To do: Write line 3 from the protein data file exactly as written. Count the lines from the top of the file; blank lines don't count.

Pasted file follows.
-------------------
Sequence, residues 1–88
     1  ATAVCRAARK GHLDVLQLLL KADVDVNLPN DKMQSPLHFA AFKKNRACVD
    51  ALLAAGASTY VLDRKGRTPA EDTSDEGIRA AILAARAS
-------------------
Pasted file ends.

    51  ALLAAGASTY VLDRKGRTPA EDTSDEGIRA AILAARAS